Will Dorling, UK director of brand sales at AdColony, discusses why it's time for advertisers to capitalise on the success of mobile gaming
What a difference a year makes: One year ago, Netflix was worried about WarnerMedia, Disney/Fox and Amazon taking away market share with their video streaming services. Now, in 2019, who is Netflix most worried about? None of these. No, Netflix claimed: “We compete with (and lose to) Fortnite, more than HBO.”
If that isn’t a sign of the times, I don’t know what is. A massive media company like Netflix – which, may I remind you, was the original disruptor of television – now worried not about others in its space (e.g., video streaming) but looking at the larger market to see who is competing for user attention. Because that’s really what this is about, isn’t it? Attention?
Netflix is a multi-billion-dollar company with 150m paid subscribers; it’s safe to say that they already have plenty of ‘attention’. However, when they observe that a company just two years old now has 250m players, it’s no wonder they see that as a threat.
But it’s not just about the numbers. Here’s why Netflix, and every other media company for that matter, is sitting up and taking notice of the mobile gaming space.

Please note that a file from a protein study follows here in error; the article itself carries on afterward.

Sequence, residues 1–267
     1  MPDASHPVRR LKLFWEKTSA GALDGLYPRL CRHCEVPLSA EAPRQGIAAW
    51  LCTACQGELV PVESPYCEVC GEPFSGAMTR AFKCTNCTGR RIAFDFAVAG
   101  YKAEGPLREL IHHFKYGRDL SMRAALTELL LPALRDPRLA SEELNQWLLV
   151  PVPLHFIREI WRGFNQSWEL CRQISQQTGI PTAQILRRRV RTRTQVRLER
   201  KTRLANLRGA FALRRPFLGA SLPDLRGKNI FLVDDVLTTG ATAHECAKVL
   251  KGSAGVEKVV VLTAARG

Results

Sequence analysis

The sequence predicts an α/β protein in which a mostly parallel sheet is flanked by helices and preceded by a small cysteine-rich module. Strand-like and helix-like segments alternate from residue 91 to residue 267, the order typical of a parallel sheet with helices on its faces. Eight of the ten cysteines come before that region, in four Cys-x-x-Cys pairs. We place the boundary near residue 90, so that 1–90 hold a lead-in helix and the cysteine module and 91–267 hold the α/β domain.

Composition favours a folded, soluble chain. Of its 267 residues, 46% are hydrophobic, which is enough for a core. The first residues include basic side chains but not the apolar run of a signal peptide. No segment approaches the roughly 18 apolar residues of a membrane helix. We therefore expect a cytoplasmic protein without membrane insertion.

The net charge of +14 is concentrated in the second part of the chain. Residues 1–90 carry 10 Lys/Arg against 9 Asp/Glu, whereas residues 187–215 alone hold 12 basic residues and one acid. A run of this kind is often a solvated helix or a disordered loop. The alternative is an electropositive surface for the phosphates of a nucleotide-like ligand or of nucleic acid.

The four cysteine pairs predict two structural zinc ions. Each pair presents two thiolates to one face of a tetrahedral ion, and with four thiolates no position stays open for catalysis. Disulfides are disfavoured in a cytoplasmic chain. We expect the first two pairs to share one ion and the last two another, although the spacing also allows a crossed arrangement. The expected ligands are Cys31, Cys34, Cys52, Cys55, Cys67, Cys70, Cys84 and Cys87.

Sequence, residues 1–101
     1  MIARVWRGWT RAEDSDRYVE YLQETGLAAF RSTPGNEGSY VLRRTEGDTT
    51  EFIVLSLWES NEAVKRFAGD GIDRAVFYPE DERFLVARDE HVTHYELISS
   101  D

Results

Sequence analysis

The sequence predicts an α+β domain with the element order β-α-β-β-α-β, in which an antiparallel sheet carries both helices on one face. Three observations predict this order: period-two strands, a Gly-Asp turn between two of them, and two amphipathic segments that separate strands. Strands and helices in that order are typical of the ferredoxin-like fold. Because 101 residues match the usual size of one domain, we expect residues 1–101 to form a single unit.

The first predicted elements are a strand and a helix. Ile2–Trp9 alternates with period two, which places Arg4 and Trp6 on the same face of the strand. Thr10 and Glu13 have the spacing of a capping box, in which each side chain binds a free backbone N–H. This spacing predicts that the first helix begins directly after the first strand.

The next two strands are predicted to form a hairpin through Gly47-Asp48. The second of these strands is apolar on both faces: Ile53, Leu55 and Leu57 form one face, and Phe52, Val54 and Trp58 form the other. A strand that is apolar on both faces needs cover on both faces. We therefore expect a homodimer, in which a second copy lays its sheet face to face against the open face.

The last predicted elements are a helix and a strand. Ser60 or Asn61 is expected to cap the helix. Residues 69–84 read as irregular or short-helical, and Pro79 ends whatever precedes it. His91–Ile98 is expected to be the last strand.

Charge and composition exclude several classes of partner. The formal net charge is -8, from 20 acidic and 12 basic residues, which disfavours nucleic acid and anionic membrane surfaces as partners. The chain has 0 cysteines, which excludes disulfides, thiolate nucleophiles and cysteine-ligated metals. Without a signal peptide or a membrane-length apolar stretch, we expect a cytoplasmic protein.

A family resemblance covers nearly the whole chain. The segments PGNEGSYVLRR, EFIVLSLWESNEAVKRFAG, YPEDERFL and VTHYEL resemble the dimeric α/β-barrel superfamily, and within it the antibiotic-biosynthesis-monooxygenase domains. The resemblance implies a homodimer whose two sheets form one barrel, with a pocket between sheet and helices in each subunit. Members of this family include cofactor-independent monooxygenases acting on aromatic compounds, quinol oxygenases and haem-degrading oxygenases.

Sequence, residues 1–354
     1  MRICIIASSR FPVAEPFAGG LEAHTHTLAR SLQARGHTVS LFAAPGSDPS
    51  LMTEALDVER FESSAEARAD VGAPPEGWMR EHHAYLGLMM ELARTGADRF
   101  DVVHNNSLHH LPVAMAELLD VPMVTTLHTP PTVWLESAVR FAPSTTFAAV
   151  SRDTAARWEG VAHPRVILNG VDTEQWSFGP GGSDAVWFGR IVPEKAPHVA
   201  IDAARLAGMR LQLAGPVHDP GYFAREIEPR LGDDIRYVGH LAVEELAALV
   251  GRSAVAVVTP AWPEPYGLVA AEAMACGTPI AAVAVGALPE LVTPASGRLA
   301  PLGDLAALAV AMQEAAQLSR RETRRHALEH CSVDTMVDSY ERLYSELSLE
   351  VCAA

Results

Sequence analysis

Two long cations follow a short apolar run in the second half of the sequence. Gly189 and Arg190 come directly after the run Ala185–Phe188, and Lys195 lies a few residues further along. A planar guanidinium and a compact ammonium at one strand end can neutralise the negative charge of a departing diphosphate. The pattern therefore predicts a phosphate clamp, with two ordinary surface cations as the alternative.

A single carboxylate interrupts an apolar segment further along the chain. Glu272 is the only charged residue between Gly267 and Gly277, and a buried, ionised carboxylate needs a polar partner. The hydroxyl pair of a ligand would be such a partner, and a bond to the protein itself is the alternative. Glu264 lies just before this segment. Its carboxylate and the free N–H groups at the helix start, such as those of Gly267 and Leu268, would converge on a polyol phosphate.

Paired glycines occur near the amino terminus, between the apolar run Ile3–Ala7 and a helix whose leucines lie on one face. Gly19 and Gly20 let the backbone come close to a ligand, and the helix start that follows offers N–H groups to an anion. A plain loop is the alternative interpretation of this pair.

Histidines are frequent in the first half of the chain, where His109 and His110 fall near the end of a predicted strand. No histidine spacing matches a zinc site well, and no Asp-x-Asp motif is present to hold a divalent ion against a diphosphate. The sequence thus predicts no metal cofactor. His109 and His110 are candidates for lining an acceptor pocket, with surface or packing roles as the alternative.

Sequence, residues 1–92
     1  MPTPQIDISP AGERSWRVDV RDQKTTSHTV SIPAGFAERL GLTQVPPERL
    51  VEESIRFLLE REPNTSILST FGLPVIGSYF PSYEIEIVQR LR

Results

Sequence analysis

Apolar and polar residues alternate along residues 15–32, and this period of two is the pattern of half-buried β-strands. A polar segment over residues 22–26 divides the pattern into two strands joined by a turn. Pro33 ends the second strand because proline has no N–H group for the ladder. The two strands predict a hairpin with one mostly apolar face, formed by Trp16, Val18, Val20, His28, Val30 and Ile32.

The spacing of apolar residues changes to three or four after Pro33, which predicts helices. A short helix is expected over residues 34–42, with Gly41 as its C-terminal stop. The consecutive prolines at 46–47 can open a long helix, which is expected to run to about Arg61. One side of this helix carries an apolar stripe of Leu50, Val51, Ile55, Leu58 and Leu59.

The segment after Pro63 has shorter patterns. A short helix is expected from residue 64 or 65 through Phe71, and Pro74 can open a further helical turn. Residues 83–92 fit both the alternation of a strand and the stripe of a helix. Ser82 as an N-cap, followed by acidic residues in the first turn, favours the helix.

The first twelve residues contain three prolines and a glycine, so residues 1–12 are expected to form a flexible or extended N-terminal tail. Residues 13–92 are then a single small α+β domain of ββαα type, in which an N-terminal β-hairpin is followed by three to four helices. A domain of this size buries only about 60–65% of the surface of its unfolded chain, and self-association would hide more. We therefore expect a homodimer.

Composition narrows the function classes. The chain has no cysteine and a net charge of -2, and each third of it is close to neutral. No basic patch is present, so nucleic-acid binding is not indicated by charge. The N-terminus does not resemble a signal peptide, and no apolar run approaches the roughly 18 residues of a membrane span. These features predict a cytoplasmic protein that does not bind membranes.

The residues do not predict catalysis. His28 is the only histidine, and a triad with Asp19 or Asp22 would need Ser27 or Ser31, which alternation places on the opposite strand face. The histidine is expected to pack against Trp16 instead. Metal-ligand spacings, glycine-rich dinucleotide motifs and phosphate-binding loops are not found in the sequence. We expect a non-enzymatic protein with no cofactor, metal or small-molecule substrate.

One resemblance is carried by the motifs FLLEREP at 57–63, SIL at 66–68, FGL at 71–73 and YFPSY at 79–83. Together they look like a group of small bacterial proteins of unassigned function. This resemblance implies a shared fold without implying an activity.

It’s easy to think that every time someone has a free moment they open up Instagram and start scrolling, but the fact is, for every one minute spent with social platforms, consumers spent two minutes across other apps. And those ‘other apps’ are predominantly games. According to On Device Mobile Gaming Research, nine out of 10 UK adults are playing mobile games, with an average session time of 5.3 minutes – the longest of any category. Some 66 per cent of gamers in the UK play every day, and those who play every day, typically play games 5 times or more per day. So, whether it’s a long session in a battle royale game or a short session with a hyper-casual game, there is something for everyone to explore in their ‘off’ minutes.
It’s also rare to find a TV or PC users who is 100 per cent focused on what is in front of them. Three-quarters of the UK population is using a smartphone while watching TV (93 per cent of under-25s) and ‘double screening’ is now the norm. When mobile users are playing games, however, their time is more focused than when they are in other channels – because if they don’t pay attention, they don’t win!
The mobile gaming market is at $70.3bn, growing more than 25 per cent year-over-year. Compare that to the global box office, which topped out at $41.7bn, growing just 2.6 per cent. Mobile games cannot be pigeonholed any longer, it is a true entertainment channel of scale, a competitor to the major broadcast & cable networks. Mobile gaming is where people are spending time, enjoying premium content – and advertisers should sit up and take notice of that, too.